How to teach your kids all together, otherwise known as multi-level teaching, can be boiled down to these few words: use hands-on activities in units … it is that simple!
Hands-on activities are the great levelers, because everyone is doing the same activity regardless of age or grade level and units are the great unifiers because everyone is studying the same topic. Everyone doing the same activity keeps mom sane—a necessity to homeschooling!
But how is this one-room schoolhouse mentality possible when parents desire challenging academics for their 8th grader when he has a 5th grade brother and 3rd and 2nd grade sisters in his homeschool class? Must quality teaching to the oldest or the smartest student be sacrificed when less advanced students like younger siblings are in the class? Definitely not. The secret is to individualize expectations appropriate to each child’s developmental level. We can see how this is done as we walk through an activity.
Each activity is like a bus ride; all the kids get on together, however, because of their different ages and levels, each gets off the bus when they have performed their individual expectations appropriate to their level … according to mom. But how does mom know when each child has covered enough to get off the bus?
Most moms think “expert teachers” know much more than just parents. However, Jane Healy, PhD, in her book, Endangered Minds, reports studies showing parents having a “built-in knowledge” and a “special advantage” as language coaches over other well-meaning adults and teachers. The studies show mothers “instinctively shape and expand their child’s language … and know just how to pull the youngster’s language up a notch by using forms in their own speech that are just one degree above the child’s current level.”
Think about that example for a moment. God equips moms with “a special advantage” and “built-in knowledge” to intuitively know what is appropriate and how much is “enough material” for each child. Amazing!
Now, let’s see this bus ride in action. While studying the character trait of Attentiveness, the five senses used to be attentive are studied. Naturally, a hands-on activity of dissecting a cow’s eyeball is perfect for all the children to do together.
After going over eye parts and functions, watch several three-minute cow/horse eye dissections on YouTube. Kids all get on the bus when each begins the activity of dissecting the eyeball.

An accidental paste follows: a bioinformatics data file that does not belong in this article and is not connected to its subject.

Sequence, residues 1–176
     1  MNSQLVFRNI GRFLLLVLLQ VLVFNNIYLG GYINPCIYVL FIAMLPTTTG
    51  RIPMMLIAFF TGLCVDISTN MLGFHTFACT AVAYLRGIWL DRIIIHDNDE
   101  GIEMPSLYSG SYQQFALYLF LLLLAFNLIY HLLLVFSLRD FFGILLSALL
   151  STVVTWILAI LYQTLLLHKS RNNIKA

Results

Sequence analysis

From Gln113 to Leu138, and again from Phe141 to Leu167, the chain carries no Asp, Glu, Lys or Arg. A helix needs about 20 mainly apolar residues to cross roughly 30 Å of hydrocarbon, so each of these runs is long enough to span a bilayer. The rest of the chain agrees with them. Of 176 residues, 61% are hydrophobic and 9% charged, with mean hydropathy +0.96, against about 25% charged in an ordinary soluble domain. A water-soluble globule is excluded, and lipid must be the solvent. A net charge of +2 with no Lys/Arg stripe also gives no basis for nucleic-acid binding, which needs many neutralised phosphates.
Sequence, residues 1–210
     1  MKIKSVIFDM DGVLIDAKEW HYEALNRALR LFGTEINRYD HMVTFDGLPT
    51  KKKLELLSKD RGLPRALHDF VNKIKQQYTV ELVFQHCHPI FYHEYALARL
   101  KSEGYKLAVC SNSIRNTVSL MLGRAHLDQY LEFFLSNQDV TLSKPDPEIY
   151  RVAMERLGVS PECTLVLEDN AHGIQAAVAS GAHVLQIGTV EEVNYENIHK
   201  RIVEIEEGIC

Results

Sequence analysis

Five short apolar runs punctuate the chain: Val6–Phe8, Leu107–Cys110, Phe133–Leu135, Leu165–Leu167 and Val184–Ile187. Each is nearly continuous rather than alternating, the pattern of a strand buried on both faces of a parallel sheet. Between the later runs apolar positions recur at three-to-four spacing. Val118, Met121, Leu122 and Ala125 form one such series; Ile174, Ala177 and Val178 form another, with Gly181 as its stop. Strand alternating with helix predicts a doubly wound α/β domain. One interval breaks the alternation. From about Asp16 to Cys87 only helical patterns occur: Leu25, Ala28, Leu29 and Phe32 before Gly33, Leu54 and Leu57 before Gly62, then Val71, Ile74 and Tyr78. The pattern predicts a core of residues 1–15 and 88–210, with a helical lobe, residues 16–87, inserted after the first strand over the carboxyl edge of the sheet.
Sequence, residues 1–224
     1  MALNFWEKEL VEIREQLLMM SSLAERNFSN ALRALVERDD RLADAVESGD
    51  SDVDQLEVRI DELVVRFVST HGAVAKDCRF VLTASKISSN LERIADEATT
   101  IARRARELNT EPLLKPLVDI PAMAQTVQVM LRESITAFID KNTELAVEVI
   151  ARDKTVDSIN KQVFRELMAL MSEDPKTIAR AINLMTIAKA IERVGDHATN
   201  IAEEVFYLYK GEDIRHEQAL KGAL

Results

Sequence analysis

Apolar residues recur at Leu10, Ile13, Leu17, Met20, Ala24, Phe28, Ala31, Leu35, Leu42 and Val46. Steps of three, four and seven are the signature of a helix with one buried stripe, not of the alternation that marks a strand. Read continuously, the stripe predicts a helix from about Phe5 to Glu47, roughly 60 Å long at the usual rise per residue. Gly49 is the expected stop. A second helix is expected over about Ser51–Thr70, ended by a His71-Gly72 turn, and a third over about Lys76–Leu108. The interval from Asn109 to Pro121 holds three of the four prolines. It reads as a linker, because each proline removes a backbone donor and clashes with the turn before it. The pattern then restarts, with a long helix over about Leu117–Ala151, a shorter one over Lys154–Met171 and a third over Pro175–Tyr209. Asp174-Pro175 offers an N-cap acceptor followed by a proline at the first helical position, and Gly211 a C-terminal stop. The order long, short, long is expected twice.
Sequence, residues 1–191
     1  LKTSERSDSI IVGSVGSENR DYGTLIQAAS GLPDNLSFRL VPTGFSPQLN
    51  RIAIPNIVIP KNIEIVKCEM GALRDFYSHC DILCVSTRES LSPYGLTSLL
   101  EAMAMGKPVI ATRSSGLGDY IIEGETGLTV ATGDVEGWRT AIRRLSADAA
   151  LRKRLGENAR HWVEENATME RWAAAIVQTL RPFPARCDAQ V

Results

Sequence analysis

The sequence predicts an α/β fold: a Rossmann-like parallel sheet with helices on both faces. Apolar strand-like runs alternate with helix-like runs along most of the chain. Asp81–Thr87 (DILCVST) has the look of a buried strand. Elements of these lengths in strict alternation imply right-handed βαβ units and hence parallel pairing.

Mom helps the 2nd and 3rd grade girls with their dissection, asking them to identify at least five eye parts in their cow’s eyeball while finding the same parts in their own eyes, and then explaining the function of each part. In my experience teaching this activity, my youngest got off the bus at this point, taking his cow’s lens around the house to magnify objects as he sang “O Magnify the Lord”.
The 5th and 8th grader then draw and label the eye and point out eyeball parts while reviewing functions to each other. Together they take apart an old camera, or could in today’s world watch a YouTube video on how cameras work. At this point, the 5th grader gets off the bus, while the 8th grader writes a paper over the next few days, comparing the eye to the camera.
Units can be expanded by adding related topics and more hands-on activities such as learning Braille, locating siblings’ tear ducts, giving siblings an eye test with a homemade Snellen chart, finding blind spots, learning Sign Language, or reading a biography of Helen Keller.
By adding activities and requirements, moms individualize expectations according to each child’s capability and level. And the real perk is siblings working together often build lifetime relationships.
The more subjects included (e.g., history, science, music, art, and English), the more teaching methods used (e.g., hands-on, singing, drawing, dramatizing, and writing), and the more resources employed (e.g., books, movies, songs, graphics, You-Tube, and hands-on activities) the easier it is to hold kids’ attention, get them to think across disciplines, and retain what they learned because they are having fun.
Doing hands-on activities in units allows mom to teach all her children together (in a multi-level format) while holding their attention and increasing their retention, because learning is fun! At the same time lifetime memories shared between siblings leads to long-term relationships into adulthood. Three of my four sons work together in businesses they created, while the fourth son does all their advertising in the business he created … and their mom is still relatively sane.
Copyright 2019, The Old Schoolhouse®. Used with permission. All rights reserved by the Author. Originally appeared in the Summer 2019 issue of The Old Schoolhouse® Magazine, the trade publication for homeschool moms.